I watched both Tron Legacy and Hanna recently. The two films are set in alternate realities where the main character is fighting some monolithic authoritarian entity, and both have scores composed by popular electronic duos who have never scored a film before. In one case the score is remarkably successful. In the other it’s disappointing at best.
I must admit, when I saw that The Chemical Brothers did the score for Hanna, I didn’t expect it to be very good. Not that I don’t appreciate their work. Quite the contrary. But as I’ve said before, film scoring is a tricky business, and novices don’t often get it right on the first go-round. With the score for Hanna, the Brothers don’t stray far from their usual format—electronica for rock fans—but that genre happens to suit the film perfectly, and they clearly grasp many of the subtleties of film music.
You might think that since this is at least partially an action movie, they would stick to their usual formula of big beats and distorted synths throughout the film. They don’t. “Hanna’s Theme” is a unique and somewhat unnerving mixture of clockwork bells and ethereal voices. It provides the perfect combination of childlike naivete and creepy menace that the film requires. And “Container Park,” one of my favorite moments of the film, sets a frightening chase scene to a gauzy, meditative throb of intertwining keyboards. It shouldn’t work, but it totally does.
A few Chemical Brothers fans have complained that this album isn’t among their best work when listened to on its own. I’m not reviewing it in that context. As a film score, I think it’s extremely successful, and the score is a great lesson on using contemporary technology effectively in a film. It may not be the finest example of that use, but they’ve made some truly interesting choices that I know will keep me inspired for a while.
On the flip side there’s Tron Legacy. You would think that Daft Punk would be the perfect group to score the sequel to Tron. They’re popular, fun, high tech, and they pretend to be robots anyway, so it seems like a perfect fit. Alas, the score (like the movie, truth be told) is a bland, colorless affair. It’s like they hired one of the anthropomorphized computer programs from the movie to create the music. If this is what robots think music is, I’ll take flesh-and-blood composers any day of the week.
I shouldn’t fault Daft Punk too much. It is a Disney movie, so there was undoubtedly pressure from the suits to keep the music family-friendly, which I guess translates to “boring.” But that doesn’t mean the French duo needed to completely abandon all uses of melody and most of their quirky, cheesy eccentricities. The score is mostly whole notes and burbling arpeggiated synth lines. Massively tame stuff, even by modern standards. The main theme is as close as we get to an actual melody, and that’s only three notes. It’s pretty, but not very interesting.
As an example, listen to “Solar Sailer.” The only thing I find even moderately compelling about this cue is the turnaround at the end of each musical phrase. Otherwise it’s just a repetitive string pad with a synthesized rhythm. My film scoring professor used to talk about the rule of three: you can repeat something three times, but after that you’d better vary it or people will get bored. This cue, already musically weak to begin with, violates that rule by about 10. One of the comments on a different YouTube clip was, “This was about the point when I fell asleep in the theater. So relaxing.” As if tedium was a good thing!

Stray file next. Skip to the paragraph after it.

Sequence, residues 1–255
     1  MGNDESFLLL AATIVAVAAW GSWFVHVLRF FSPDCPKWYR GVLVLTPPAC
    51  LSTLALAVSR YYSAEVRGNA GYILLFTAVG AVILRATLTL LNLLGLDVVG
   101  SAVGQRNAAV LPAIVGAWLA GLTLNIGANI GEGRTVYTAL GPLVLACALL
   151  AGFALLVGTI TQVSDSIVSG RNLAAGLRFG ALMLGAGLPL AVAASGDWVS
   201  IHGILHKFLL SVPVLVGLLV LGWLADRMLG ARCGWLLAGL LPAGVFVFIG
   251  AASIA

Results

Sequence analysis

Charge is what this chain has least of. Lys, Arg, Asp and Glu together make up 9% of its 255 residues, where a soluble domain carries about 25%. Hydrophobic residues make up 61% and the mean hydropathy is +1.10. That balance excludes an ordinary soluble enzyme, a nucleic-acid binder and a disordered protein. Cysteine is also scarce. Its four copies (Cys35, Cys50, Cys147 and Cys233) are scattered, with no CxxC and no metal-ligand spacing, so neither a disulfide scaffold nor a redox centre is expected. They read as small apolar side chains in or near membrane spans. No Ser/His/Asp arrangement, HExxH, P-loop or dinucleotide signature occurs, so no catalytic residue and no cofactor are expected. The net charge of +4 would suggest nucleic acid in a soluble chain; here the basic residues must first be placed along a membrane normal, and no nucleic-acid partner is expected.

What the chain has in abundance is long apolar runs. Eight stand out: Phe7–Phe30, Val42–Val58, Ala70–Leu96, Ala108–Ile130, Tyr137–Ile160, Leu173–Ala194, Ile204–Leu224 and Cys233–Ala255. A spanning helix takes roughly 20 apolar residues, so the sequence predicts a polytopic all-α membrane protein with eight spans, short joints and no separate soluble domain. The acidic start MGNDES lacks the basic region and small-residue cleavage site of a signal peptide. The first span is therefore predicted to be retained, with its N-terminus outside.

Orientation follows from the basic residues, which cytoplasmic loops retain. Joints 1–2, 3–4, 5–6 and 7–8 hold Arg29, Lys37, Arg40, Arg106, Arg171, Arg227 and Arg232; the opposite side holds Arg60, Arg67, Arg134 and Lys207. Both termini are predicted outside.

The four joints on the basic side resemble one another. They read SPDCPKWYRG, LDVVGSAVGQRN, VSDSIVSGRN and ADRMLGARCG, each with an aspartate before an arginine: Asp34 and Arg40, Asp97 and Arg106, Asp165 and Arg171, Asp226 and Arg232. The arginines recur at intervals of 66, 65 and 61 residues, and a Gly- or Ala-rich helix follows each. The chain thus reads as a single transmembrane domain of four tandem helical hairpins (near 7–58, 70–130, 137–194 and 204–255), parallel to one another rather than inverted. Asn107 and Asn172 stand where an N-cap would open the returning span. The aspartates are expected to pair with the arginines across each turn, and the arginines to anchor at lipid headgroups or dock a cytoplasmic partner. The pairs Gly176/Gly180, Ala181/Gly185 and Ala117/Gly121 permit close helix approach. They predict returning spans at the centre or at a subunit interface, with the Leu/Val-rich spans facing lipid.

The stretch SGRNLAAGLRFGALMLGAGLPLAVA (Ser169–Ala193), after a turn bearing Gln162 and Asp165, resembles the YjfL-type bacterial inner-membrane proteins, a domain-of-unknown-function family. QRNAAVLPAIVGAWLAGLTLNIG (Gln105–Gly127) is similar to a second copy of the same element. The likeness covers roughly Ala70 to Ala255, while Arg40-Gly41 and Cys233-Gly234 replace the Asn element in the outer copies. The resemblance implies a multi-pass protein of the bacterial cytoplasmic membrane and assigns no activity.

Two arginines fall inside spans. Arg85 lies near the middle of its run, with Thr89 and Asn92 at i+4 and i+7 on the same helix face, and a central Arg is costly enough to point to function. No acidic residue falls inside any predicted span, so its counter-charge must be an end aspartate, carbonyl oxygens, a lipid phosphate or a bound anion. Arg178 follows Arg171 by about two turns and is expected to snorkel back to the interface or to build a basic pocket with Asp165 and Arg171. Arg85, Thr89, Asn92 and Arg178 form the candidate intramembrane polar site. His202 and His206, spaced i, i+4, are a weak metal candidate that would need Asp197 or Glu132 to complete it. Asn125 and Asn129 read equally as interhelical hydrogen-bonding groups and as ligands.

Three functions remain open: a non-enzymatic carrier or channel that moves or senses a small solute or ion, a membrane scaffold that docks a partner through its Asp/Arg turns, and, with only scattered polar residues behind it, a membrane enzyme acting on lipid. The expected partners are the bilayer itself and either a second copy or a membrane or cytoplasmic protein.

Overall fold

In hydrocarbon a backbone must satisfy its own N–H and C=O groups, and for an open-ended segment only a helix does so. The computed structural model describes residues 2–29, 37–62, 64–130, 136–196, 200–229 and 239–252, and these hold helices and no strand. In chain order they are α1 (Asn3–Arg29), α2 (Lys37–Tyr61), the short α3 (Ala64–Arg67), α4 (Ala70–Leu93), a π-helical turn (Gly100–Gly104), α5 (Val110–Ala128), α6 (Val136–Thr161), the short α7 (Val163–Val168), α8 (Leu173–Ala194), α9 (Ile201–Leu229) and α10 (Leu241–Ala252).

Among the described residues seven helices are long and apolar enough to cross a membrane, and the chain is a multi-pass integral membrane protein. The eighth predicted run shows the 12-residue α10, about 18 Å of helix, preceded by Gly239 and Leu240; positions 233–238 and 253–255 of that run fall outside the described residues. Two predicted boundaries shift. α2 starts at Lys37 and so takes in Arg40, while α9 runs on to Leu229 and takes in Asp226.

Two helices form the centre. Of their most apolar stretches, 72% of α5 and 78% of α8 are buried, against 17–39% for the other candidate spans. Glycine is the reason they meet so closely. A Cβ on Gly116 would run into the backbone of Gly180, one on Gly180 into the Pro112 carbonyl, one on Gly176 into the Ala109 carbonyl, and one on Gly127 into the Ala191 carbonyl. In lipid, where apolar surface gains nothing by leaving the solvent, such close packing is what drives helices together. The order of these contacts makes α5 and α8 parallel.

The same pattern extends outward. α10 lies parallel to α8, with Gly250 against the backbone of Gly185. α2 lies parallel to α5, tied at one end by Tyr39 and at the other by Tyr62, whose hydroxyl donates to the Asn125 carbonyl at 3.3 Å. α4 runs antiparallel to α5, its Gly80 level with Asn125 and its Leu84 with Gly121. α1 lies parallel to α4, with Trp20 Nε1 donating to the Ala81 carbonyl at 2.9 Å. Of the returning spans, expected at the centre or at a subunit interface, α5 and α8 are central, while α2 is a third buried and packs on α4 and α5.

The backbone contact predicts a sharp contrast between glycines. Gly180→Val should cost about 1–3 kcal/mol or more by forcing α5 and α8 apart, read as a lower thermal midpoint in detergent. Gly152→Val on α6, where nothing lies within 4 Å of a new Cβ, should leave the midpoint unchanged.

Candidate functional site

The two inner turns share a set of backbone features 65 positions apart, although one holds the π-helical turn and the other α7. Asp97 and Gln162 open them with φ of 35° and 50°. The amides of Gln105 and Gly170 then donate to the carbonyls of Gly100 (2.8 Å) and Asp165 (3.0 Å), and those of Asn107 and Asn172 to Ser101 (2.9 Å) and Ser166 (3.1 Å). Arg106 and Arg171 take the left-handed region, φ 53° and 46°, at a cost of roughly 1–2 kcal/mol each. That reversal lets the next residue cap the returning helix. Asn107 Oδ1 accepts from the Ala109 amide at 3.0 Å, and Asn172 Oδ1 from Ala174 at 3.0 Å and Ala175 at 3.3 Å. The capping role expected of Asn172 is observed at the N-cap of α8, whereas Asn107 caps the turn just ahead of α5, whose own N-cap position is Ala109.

Just so this review isn’t completely negative, I will say that “Adagio for TRON” is an appealing piece. Apparently, the title is meant to evoke Samuel Barber’s “Adagio for Strings,” which is one of my favorite pieces of music ever written. “Adagio for TRON” pales mightily in comparison, but in the context of the rest of the score the piece stands out. It’s also one of the few pieces where the orchestra gets something relatively interesting to do. The “Overture” isn’t terrible either (featuring the three-note Tron theme mentioned earlier), and could have been wonderful if pushed further.
There has been much publicity about the Punks doing this score, and they claim to have worked on it for two years. I’m not sure I’d so proudly make that claim if I were them. It feels like they used the time to process all the life out of the thing (along with most of the notes). I can’t imagine what they were doing for so long, aside from programming the perfect pulsating rhythms on their arpeggiators and researching how long French horn players can hold a single note. I really wish they’d spent the time exploring the territory that makes their own music so interesting—their sense of fun and technological playfulness that can be so alluring. I fear they thought their brand of goofy electronic disco wasn’t serious enough for this film, and it probably wouldn’t have been, but unfortunately they went too far in the opposite direction. They end up taking themselves so seriously that they’ve stripped their music of all its interesting elements.
If you’re a diehard Tron fan, you’ve no doubt already seen the movie. If you’re not, you may want to steer clear. It’s a lush and beautiful, but dull, retread of what was a groundbreaking picture back in 1982. Like the computerized characters in the film, it’s got no soul. It’s all gloss and no guts. Unfortunately, so is the music. One the flip-side, if you haven’t seen Hanna, go out and rent it. It’s a hip, inventive twist on the typical action film, and the music takes it to an even higher level.